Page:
KE4 in skin sensitization AOP involves activation of naïve T-cells, recognition of antigen presentation by DCs, and proliferation of antigen-specific effector T-cells and memory T-cells; it plays an important role in the overall AOP (11). These responses occur through complex biological processes. The activation of naïve T-cells requires two signals that act synergistically. The first major signal results from the binding of major histocompatibility complex (MHC)-antigen peptide complexes presented by antigen-presenting cells (APCs), such as DCs, to T-cell receptors (TCRs) on T-cells. The second major signal is derived from the interaction of costimulatory receptors on T-cells with ligands on APCs. A typical costimulatory receptor is CD28 that interacts with the corresponding ligands on APCs, CD80 and CD86. In addition to the two major signals, cytokines are essential for T-cell activation. For example, interleukins such as IL-1α, IL-1β, IL-18 and TNF-α are required for the migration of APCs from the skin to lymph nodes and the presentation of MHC-antigen peptide complexes, reviewed in (12). Owing to the complexity of these processes, it is difficult to fully reproduce these events in vitro.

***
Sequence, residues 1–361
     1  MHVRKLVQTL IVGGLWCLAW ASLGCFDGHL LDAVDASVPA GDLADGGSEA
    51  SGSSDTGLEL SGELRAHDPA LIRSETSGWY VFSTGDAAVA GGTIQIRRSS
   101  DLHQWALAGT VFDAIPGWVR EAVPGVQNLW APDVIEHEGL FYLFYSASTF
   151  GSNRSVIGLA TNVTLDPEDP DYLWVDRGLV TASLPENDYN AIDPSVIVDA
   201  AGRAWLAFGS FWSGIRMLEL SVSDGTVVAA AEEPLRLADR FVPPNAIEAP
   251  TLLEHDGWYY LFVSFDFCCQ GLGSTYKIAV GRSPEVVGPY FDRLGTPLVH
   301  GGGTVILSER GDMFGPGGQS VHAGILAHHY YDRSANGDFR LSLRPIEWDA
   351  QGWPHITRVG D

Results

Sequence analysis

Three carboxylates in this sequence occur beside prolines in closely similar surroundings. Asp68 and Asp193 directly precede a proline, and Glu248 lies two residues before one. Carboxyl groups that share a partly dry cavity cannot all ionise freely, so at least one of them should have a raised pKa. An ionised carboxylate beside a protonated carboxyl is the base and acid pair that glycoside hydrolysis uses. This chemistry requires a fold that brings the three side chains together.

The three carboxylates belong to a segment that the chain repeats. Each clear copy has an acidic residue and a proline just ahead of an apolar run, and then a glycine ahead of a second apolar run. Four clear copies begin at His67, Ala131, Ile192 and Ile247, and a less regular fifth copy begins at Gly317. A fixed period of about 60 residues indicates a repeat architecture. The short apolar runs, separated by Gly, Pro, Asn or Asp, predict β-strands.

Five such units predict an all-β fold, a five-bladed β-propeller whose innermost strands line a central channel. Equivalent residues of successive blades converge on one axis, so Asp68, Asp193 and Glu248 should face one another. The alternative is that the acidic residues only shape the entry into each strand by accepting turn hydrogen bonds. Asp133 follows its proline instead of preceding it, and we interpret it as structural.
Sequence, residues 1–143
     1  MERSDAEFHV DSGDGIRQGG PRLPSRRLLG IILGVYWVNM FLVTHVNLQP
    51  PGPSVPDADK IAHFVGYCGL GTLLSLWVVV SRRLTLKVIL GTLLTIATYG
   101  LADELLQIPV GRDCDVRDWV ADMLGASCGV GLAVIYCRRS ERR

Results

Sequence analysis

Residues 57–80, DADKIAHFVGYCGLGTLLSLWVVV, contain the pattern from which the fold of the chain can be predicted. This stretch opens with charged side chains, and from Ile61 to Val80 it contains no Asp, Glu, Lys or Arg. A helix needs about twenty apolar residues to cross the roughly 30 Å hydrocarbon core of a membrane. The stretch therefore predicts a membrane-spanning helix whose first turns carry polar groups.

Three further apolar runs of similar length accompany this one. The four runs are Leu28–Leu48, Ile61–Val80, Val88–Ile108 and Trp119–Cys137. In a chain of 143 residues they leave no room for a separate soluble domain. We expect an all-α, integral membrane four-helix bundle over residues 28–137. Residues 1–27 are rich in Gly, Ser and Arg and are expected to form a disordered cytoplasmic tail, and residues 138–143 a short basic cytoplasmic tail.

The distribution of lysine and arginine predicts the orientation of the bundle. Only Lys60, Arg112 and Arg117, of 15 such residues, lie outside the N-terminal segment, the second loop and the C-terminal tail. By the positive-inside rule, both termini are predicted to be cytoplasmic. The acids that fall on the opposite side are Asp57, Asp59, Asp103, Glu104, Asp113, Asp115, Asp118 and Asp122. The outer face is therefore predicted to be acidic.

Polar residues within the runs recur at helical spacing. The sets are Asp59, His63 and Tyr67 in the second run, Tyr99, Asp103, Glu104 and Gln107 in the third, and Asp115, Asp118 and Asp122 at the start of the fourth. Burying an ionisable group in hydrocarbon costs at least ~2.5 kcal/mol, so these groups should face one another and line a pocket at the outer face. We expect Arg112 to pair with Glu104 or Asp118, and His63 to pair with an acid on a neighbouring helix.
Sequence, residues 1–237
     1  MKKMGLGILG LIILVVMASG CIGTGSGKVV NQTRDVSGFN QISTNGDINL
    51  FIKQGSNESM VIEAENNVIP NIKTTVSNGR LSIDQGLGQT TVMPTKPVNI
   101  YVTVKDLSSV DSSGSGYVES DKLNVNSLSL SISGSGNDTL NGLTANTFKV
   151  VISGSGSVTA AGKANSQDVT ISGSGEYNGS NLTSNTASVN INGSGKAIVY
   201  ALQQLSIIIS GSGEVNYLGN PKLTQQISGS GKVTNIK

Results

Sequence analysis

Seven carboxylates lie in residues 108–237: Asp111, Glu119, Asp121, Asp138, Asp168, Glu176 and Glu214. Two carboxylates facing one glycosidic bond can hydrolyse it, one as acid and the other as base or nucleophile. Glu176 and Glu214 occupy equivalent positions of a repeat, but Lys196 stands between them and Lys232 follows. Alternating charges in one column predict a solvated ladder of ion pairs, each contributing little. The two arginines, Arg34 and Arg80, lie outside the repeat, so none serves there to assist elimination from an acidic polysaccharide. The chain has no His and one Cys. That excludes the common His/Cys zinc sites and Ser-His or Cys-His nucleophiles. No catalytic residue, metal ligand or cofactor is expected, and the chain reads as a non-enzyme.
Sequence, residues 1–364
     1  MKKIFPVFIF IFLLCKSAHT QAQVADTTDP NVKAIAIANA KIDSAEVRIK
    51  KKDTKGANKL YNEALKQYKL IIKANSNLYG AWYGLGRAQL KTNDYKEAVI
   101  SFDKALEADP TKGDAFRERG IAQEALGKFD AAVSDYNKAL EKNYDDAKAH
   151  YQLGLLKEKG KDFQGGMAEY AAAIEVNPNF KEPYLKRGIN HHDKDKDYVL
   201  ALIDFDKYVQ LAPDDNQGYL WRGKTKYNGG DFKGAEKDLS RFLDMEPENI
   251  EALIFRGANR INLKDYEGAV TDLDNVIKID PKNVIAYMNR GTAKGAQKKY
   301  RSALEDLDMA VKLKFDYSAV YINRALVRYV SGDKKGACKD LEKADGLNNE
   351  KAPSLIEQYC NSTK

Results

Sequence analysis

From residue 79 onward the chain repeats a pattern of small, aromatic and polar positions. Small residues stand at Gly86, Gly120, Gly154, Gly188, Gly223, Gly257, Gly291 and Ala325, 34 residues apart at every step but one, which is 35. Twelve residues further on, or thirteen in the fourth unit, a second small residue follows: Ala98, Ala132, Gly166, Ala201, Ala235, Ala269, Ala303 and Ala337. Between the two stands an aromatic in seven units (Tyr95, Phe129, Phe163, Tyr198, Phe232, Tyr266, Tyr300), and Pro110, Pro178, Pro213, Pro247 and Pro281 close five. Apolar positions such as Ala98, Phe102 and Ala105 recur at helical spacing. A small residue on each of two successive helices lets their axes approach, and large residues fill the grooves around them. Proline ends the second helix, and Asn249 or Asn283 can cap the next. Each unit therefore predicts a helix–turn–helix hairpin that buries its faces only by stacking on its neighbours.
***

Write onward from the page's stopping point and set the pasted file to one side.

In the present study, an evaluation system for some of these complex processes was established and proposed. interleukin-2 (IL-2) expression in T-cells was used as an indicator to evaluate the KE4 of skin-sensitizing AOPs. IL-2, a pro-inflammatory cytokine, is released from activated T-cells and plays an important role in the immune response by activating immune-related cells, such as memory T-cells and natural killer (NK) cells (13). Therefore, it was hypothesized that the evaluation of IL-2 activity in T-cells could provide important information for evaluating the KE4. The Jurkat clone E6-1 human T-lymphocyte immortalized cell line is frequently used in studies of human T-cell line activation in vitro (14). In the present study, Jurkat cells (IL-2p::Jurkat cells) that express the luciferase gene downstream of the IL-2 promoter (IL-2p) were used. Using five skin sensitizers, including a typical skin sensitizer 2,4-dinitrochlorobenzene (DNCB), and two non-sensitizers as test substances, the activation of the IL-2 promoter as a marker of T-cell activation was evaluated to determine the validity of this assay.

Materials and methods

Cell culture

IL-2p::Jurkat cells (cat. no. J1651; Promega Corporation; within 10-20 passages after obtaining the cell line) (15) were maintained in RPMI-1640 medium supplemented with 10% FBS at 37˚C and 5% CO2. The cell suspension was mixed with an equal volume of Trypan blue solution (Nacalai Tesque Inc.), and the number of viable cells, number of dead cells and cell viability were recorded using a hemocytometer. Once every 2-3 days, the cells were seeded at a density of 1-2x105 cells/ml, and a density of 0.1-1.0x106 cells/ml was maintained.

Determination of the chemical concentration for 90% cell viability (CV90)